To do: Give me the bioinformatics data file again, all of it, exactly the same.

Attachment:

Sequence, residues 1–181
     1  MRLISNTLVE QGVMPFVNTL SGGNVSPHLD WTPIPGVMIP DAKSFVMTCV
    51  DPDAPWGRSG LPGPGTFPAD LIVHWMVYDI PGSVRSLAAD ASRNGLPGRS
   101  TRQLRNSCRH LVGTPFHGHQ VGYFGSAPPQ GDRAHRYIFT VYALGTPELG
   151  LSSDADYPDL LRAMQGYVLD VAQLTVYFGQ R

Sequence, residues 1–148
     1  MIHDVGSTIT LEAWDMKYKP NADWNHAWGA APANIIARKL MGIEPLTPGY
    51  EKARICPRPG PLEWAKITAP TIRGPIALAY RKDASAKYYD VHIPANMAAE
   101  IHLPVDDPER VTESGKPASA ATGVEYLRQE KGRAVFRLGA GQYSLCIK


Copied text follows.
Sequence, residues 1–181
     1  MRLISNTLVE QGVMPFVNTL SGGNVSPHLD WTPIPGVMIP DAKSFVMTCV
    51  DPDAPWGRSG LPGPGTFPAD LIVHWMVYDI PGSVRSLAAD ASRNGLPGRS
   101  TRQLRNSCRH LVGTPFHGHQ VGYFGSAPPQ GDRAHRYIFT VYALGTPELG
   151  LSSDADYPDL LRAMQGYVLD VAQLTVYFGQ R

Sequence, residues 1–148
     1  MIHDVGSTIT LEAWDMKYKP NADWNHAWGA APANIIARKL MGIEPLTPGY
    51  EKARICPRPG PLEWAKITAP TIRGPIALAY RKDASAKYYD VHIPANMAAE
   101  IHLPVDDPER VTESGKPASA ATGVEYLRQE KGRAVFRLGA GQYSLCIK